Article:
When the CTD came into effect on May 1, 2004, there were concerns that the imposition of Good Clinical Practice standards on independent researchers - bringing them into step with their colleagues in the pharmaceutical industry – would put a damper on public research.
One of the chief reasons behind the concerns was the volume of paperwork required under GCP for monitoring and audit purposes, which some were concerned would be too onerous for public institutions with limited resources.
An editorial published in The Lancet in 2003 went so far as to ask whether the CTD would be ‘the death of academic clinical trials’, and there were numerous accusations that adding GCP would add to bureaucracy without necessarily improving higher quality.
Now, a study published in the British Medical Journal (August 20) has concluded that for Denmark those fears were unfounded.
The study looked at the total number of paper and electronic applications for clinical trials with medicinal products submitted to the Danish Medicines Agency between 1993 to 2006. From 1993 to 2005, there was a steady downward trend in the number of clinical trials initiated by both researchers and companies, although the number increased in 2006.
Crucially, there was no significant difference between the number of academic and industry studies, indicating that “academic researchers can match the demands for the good clinical practice quality standard that industry have adhered to for many years.”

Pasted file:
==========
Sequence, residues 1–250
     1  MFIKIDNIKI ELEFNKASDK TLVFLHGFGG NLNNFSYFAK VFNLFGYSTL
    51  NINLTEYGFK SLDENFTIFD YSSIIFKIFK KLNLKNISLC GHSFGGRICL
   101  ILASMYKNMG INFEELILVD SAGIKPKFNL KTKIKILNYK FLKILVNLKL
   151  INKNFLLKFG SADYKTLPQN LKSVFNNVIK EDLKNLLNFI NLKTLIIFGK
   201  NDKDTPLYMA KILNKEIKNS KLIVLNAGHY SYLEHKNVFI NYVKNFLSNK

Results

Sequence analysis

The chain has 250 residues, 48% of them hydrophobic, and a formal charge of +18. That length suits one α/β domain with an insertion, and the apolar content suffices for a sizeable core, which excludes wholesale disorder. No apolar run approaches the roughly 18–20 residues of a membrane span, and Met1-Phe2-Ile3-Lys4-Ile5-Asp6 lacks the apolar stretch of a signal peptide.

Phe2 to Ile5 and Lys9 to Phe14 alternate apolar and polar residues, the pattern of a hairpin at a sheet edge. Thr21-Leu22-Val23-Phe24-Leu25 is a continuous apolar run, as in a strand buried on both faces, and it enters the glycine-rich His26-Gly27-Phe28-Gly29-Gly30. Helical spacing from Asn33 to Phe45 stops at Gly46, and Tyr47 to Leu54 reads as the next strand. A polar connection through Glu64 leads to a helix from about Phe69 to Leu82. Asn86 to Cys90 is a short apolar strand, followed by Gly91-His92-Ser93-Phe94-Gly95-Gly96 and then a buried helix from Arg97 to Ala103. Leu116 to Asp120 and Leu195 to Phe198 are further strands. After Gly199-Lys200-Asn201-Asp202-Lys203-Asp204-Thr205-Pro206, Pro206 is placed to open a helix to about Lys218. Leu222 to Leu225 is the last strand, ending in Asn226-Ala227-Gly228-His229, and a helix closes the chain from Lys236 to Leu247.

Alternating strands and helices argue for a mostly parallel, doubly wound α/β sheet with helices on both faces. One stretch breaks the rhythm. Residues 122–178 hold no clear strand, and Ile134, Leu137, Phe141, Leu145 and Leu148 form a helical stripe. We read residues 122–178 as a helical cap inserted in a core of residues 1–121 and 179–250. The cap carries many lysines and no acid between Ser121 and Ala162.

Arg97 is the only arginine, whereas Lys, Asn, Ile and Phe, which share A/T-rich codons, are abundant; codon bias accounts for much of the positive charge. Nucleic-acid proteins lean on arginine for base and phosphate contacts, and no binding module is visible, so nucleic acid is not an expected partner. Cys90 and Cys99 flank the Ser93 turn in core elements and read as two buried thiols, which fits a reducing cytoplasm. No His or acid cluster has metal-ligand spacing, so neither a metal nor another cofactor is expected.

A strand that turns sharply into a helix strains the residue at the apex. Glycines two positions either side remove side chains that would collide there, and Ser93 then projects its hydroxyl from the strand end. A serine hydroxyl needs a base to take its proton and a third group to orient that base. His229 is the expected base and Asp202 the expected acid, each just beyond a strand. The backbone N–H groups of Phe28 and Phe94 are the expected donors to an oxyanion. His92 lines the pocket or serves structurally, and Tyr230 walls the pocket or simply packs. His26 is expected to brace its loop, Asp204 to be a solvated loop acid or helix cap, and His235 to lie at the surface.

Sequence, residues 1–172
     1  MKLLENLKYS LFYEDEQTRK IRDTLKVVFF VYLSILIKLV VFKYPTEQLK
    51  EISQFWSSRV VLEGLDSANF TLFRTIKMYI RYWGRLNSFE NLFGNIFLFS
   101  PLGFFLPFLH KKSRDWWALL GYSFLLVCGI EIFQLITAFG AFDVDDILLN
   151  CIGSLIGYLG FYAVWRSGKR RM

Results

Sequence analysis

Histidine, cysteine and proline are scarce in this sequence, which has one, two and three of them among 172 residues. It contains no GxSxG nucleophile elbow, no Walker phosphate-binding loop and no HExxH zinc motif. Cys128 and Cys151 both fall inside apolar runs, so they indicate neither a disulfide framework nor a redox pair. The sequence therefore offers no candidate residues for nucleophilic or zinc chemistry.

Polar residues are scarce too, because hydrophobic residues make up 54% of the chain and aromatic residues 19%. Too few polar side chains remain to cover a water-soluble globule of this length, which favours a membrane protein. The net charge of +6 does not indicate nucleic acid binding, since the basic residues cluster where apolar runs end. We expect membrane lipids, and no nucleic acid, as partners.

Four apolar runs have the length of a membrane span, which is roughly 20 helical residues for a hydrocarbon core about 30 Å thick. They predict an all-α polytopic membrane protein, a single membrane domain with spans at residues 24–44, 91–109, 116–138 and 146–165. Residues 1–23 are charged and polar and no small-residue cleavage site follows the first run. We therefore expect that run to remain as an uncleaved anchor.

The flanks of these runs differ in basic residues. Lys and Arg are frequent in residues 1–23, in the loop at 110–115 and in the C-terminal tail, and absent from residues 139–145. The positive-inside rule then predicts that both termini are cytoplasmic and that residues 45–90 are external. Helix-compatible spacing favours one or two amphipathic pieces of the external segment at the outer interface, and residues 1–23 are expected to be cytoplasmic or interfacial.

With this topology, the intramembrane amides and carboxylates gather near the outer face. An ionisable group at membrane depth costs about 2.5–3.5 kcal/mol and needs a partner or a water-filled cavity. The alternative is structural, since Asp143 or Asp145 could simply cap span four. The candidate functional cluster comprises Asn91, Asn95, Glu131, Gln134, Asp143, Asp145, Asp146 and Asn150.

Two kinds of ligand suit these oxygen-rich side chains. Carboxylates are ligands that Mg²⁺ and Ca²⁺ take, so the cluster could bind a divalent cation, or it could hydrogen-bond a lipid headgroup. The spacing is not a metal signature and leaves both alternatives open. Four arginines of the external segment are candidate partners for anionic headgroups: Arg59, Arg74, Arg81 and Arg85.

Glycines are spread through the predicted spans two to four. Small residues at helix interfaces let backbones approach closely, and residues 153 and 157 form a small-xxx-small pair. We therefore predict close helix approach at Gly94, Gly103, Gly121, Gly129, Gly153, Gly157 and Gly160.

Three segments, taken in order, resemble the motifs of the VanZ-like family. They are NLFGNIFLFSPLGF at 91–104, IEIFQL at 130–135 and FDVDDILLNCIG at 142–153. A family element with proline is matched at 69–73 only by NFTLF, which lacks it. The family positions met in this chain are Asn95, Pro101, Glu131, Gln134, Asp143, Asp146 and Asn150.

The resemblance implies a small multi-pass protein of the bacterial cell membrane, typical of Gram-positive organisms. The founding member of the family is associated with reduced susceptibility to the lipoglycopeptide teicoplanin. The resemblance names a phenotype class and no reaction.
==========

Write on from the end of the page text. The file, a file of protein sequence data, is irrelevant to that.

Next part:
Allocation of resources critical
However, the authors of the study also note that Denmark differs from some other countries in Europe, such as Austria which has seen a decline in academic research since the CTD, in that it has allocated resources for GCP units.
“In Denmark the universities and university hospitals fund good clinical practice units that provide free assistance to academic clinical researchers,” according to the researchers, headed by Henrik Enghusen Poulsen of the University of Copenhagen.
“We believe that such units and the focus on available expertise for the good clinical practice quality standard to academic researchers can explain the difference in trend of academic clinical research between Austria and Denmark.”
Since its implementation the CTD has not been without its critics. Last year, the UK's BioIndustry Association and its European parent EuropaBio called for changes to be made to the directive in order to bring about "harmonisation, transparency and consistency" in this area across the member states.
The BIA took particular issue with the bureaucratic burden it believes the CTD brings for small and medium-sized enterprises, given that different member states can interpret the requirements in different ways.